People v. Gaines, 104 Ill. App. 3d 974 (1982)

March 8, 1982 · Illinois Appellate Court · No. 80-1231
104 Ill. App. 3d 974

THE PEOPLE OF THE STATE OF ILLINOIS, Plaintiff-Appellee, v. WILLIE JAMES GAINES, Defendant-Appellant.

First District (1st Division)

No. 80-1231

Opinion filed March 8, 1982.

*975Ralph Ruebner, of State Appellate Defender’s Office, of Chicago (Alan M. Freedman and Bruce H. Bornstein, both of Freedman & Bornstein, of counsel), for appellant.

Richard M. Daley, State’s Attorney, of Chicago (Michael E. Shabat, Dean C. Morask, and John A. Ward, Assistant State’s Attorneys, of counsel), for the People.


delivered the opinion of the court:

Defendant Willie Gaines was indicted on January 7, 1974, for the murder of Charles Polk. His first trial, in September 1977, ended in a mistrial because of a hung jury. After a second jury trial, defendant was convicted of murder and sentenced to 20-40 years imprisonment and fined $1,800. Defendant appeals, contending that (1) comments made by the prosecutor during closing argument constituted reversible error; (2) he was not proved guilty beyond a reasonable doubt; and (3) the court erred in ordering defendant to pay a fine of $1,800 to be taken from his bond money.

Michael Richardson testified that on October 15,1973, he went to his girlfriend Patricia Bell’s family’s apartment with defendant, whom he referred to as “Little June.” Richardson went into the bedroom to take a nap, while defendant went into the living room to have his hair braided by Bell. When Richardson awoke from his nap, he saw defendant standing in the front doorway firing a shotgun at Charles Polk. Richardson admitted that a statement which he had given police regarding an argument between defendant and the deceased, which Richardson had stated he had witnessed, was actually the result of information given him by other people.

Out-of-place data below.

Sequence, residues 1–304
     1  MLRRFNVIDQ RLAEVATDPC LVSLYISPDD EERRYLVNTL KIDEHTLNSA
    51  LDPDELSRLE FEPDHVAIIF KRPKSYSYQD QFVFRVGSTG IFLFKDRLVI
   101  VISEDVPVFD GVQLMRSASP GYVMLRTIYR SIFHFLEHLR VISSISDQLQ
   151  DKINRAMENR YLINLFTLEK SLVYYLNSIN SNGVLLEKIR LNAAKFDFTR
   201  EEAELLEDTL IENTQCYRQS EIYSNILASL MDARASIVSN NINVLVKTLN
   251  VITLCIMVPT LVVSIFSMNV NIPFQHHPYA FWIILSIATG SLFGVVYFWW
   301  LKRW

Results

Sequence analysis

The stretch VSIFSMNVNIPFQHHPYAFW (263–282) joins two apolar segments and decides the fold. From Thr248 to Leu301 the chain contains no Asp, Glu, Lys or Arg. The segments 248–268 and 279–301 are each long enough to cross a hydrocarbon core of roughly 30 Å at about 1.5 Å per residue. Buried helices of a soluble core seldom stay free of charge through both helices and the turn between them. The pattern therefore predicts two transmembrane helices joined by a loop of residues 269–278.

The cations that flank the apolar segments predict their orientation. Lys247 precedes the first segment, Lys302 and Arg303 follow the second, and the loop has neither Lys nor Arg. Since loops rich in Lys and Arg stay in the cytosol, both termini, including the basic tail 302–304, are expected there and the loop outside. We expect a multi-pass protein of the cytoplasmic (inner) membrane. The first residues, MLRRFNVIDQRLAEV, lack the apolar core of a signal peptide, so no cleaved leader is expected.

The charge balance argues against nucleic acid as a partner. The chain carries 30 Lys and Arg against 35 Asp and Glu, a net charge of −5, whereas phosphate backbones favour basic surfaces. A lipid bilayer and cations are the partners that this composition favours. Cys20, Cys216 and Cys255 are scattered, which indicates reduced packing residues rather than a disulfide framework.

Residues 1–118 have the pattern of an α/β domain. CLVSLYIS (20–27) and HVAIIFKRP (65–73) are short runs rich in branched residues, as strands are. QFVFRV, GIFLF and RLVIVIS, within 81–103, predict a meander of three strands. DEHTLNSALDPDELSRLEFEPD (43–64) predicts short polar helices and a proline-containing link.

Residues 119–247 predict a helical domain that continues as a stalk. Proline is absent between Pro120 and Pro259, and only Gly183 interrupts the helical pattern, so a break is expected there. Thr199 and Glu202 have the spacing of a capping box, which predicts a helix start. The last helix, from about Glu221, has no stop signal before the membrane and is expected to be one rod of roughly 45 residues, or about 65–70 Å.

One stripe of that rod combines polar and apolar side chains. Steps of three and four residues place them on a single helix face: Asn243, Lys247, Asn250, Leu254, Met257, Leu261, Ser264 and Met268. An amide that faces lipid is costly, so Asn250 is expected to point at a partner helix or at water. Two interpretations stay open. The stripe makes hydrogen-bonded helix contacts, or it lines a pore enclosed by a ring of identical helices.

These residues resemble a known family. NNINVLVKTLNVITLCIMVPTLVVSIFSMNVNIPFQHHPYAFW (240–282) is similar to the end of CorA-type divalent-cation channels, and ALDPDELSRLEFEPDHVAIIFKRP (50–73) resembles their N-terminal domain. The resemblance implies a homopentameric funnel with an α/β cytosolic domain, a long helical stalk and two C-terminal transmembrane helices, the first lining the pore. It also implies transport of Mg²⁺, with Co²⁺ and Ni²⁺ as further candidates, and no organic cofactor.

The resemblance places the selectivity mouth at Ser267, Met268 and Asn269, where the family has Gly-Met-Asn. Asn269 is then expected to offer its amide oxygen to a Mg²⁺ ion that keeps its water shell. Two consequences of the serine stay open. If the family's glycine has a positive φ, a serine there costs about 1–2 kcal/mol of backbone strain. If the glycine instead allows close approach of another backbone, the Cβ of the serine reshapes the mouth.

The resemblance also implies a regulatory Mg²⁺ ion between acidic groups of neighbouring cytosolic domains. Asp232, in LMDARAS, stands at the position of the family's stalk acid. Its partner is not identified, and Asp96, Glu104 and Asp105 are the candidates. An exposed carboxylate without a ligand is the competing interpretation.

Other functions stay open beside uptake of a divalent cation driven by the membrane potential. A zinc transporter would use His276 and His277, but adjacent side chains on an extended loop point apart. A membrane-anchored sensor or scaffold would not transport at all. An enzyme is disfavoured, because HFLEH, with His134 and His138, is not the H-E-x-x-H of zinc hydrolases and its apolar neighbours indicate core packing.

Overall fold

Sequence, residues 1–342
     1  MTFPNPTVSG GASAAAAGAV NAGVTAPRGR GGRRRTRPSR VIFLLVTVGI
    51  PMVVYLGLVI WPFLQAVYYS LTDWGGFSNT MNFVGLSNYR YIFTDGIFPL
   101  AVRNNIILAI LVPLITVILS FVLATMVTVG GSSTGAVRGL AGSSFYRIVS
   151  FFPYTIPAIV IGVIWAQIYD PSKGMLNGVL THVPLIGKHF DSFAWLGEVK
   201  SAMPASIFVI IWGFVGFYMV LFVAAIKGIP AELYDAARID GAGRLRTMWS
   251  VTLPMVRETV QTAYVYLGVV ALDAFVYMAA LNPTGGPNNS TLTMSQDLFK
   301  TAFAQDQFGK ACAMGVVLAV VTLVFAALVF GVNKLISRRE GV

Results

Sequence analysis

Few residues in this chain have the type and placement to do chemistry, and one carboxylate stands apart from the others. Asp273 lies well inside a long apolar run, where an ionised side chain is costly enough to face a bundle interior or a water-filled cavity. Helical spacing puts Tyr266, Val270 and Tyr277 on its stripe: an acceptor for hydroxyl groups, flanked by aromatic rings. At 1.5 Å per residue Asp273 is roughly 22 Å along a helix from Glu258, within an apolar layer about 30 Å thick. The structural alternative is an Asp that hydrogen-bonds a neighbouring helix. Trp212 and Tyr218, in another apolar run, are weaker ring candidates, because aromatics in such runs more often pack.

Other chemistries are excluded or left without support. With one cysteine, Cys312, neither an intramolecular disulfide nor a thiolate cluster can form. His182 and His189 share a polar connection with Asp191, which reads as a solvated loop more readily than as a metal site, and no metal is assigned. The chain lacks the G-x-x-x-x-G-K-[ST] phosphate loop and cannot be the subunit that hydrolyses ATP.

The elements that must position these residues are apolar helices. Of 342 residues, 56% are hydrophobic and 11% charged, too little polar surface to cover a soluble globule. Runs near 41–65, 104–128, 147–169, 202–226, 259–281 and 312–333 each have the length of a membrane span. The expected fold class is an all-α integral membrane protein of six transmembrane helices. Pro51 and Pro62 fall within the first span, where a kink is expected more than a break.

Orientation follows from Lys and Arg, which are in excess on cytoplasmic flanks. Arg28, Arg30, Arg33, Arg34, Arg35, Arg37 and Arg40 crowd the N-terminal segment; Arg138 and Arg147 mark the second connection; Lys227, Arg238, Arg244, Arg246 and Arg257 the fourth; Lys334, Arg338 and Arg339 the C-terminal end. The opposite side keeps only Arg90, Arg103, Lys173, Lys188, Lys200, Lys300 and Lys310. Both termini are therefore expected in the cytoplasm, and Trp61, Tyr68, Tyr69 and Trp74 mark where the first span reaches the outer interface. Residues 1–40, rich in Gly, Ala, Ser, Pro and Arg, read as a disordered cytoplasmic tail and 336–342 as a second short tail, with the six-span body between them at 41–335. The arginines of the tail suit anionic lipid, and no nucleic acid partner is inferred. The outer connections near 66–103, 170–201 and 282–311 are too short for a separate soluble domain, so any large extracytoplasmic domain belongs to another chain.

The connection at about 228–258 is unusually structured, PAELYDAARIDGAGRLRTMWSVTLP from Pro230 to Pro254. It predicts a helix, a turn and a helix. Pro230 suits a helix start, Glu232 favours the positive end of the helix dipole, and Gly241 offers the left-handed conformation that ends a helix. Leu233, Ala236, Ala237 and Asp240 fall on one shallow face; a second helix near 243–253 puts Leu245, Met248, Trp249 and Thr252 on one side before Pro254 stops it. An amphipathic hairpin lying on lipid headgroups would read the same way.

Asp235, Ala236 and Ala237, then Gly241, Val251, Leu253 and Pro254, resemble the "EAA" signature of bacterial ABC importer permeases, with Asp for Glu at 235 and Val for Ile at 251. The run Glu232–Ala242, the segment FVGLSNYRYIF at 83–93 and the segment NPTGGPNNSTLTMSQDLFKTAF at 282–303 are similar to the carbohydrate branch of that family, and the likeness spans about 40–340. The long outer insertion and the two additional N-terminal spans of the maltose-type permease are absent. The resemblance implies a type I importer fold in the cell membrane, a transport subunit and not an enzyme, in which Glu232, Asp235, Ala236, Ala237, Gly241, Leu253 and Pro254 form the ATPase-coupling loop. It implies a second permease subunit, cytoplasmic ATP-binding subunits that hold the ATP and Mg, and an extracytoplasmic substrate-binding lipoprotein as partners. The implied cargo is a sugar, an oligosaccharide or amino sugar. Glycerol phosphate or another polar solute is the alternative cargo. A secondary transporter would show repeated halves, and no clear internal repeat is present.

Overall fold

Patricia Bell testified that on October 15, 1973, she resided with her mother Betty Hill and her sister Debra. On that date, besides her family, Michael Richardson, Henry Kimp, Charles Polk and Willie Gaines were at the apartment. She had been braiding defendant’s hair. When she finished, she went into the bedroom where Richardson was taking a nap. While in the bedroom, she heard the raised voice of Charles Polk. When she came out of the bedroom, defendant was leaving through the front door. Bell testified that as defendant left, he stated, “That’s all I was waiting for him to do.” Ten or twenty minutes later, she went into the kitchen where she heard a knock on the back door. Bell called her sister, who opened the door to find defendant holding a shotgun. Defendant then walked through the apartment and, not seeing Polk, went to the front door. At the front door defendant found Polk, who refused to enter the *976apartment because of an argument he had earlier that day had with Debra Bell. Polk was talking to Henry Kimp. Defendant then shot Polk. Bell also testified that she knew a Roger Fenison and said he was like a brother. Bell had known defendant for two years prior to the incident.

The testimony of Debra Bell Brown, Patricia Bell’s sister, was similar to that of her sister. Earlier in the day on October 15 she had had an argument with her boyfriend Polk. The deceased returned to the apartment a few hours after the argument and was invited in by Brown, but he refused to enter.

Henry Kimp testified that he was a friend of the deceased. During the day of the shooting, Kimp and Polk had been drinking in a vacant lot and Polk was “feeling good.” Later that day they went to the apartment, where they had a few drinks on the sunporch with Betty Hill, who was intoxicated at the time. Kimp saw defendant and Polk engage in a brief shoving match just before he dozed off. He was awakened later when Polk wanted to speak to him in the hall. Kimp went into the hall where he saw Polk being shot. Prior to the incident Kimp did not know Willie Gaines. Afterward, he did not speak with police until after he had spoken with the family.